On a larger scale, the misdiagnosis of depression creates the impression that Americans are becoming more depressed (an internal condition) rather than suffering greater social problems (an external condition), two problems that call for completely different solutions (medication versus changing social policy). (

Whether striving for happiness is good or bad for you depends on how you define happiness.  Differentiating between “hedonic well-being” and “eudaimonia” might be useful.  Movies, big California cabernets, and Philadelphia Phillies baseball victories all make me happy, and they are probably best understood by the former term.  Aristotle wrote that humans can attain eudaimonia (well being or flourishing) by fulfilling their potential by graduating from Case Western Reserve School of Medicine, successfully raising two children, and volunteering at Philabundance.

As Carol Ryff of the University of Wisconsin, Madison puts it: “Sometimes things that really matter most are not conducive to short-term happiness.” In Ryff’s research, she has found that individuals who rank high on eudaimonic well-being had lower levels of interleukin-6 and a reduced risk of cardiovascular disease, osteoporosis, and Alzheimer’s disease compared to those with lower eudaimonic well-being.  Another study of 950 individuals found that those reporting a lesser sense of purpose in life were more than twice as likely to develop Alzheimer’s disease compared to those reporting greater sense of purpose in life.  (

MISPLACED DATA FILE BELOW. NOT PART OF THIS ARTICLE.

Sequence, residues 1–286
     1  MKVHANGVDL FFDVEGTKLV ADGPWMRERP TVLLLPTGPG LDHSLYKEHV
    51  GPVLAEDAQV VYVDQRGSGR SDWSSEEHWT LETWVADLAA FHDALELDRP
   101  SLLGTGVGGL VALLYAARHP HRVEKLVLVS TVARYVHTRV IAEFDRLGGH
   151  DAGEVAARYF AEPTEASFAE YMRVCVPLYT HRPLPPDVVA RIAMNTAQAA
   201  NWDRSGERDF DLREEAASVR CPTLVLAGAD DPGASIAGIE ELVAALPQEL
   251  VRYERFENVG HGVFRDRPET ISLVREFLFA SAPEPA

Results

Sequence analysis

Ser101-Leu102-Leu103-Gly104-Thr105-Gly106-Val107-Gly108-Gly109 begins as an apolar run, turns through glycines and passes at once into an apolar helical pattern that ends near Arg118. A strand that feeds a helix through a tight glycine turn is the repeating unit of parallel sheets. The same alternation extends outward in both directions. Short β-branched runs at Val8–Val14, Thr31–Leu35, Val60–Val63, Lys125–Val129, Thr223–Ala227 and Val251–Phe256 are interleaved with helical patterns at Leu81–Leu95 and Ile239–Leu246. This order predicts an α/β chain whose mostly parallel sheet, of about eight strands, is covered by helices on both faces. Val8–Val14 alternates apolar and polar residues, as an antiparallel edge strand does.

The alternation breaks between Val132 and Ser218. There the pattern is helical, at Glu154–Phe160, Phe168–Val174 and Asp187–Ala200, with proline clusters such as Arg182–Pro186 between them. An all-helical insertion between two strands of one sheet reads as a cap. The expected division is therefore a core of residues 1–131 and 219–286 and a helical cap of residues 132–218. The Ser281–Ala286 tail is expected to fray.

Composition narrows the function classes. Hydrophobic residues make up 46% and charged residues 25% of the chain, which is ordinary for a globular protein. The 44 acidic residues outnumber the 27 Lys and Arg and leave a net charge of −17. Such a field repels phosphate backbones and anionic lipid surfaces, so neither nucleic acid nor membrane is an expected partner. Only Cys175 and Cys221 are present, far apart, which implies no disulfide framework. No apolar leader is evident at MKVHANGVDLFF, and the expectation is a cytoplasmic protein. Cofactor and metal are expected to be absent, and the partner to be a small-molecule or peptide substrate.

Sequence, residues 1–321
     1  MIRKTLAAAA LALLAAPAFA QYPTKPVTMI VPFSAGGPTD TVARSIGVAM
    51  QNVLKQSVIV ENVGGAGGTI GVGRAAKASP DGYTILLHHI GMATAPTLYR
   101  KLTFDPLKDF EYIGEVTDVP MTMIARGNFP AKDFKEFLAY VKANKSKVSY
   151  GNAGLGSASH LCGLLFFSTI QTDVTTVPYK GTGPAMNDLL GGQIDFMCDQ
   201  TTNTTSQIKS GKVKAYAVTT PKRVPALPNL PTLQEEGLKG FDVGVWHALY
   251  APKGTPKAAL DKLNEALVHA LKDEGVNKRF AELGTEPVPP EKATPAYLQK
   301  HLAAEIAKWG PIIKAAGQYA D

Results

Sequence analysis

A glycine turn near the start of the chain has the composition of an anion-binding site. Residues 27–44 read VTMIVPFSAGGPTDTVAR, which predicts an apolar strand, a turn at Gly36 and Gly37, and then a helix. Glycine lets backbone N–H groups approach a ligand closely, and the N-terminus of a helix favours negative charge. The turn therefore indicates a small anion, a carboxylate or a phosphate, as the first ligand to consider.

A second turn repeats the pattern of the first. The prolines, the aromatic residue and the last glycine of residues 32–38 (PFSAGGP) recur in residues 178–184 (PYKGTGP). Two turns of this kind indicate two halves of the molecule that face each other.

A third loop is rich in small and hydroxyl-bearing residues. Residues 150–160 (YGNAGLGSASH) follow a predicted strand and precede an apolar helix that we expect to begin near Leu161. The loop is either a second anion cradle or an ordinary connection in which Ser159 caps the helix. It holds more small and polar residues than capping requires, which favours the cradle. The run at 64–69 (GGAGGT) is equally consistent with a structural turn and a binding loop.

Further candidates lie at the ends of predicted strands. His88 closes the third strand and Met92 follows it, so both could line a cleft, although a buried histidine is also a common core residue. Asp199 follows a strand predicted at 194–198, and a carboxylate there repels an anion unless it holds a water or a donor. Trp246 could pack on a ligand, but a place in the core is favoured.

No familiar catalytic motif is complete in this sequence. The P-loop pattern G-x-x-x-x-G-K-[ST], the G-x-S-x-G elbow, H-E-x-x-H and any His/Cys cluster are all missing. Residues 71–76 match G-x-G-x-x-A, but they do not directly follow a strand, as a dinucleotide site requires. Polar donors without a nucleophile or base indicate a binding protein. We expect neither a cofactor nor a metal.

There is a rich religious and literary tradition that concludes that pursuing happiness may be a fool’s errand.  Malcolm Muggeridge stated, “I can say that I never knew what joy was like until I gave up pursuing happiness, or cared to live until I chose to die. For these two discoveries I am beholden to Jesus.”  In one study participants who were told to “try to make yourself feel as happy as possible” while they listened to a piece of hedonically ambiguous music reported they felt less positive compared to a control group who received no instructions before hearing the music.  In another study the more people valued happiness the less well-being and the more mental health issues they reported.  In yet another study the more people valued happiness, the lonelier they feel on a daily basis according to their diaries. Other researchers found that leading people to value happiness more resulted in greater loneliness and social disconnect measured by self reports and progesterone levels. (

America’s current obsession with happiness is not without pitfalls and unintended consequences.  Researchers are starting to provide evidence that blindly pursuing happiness for its own sake can result in mixed results at best.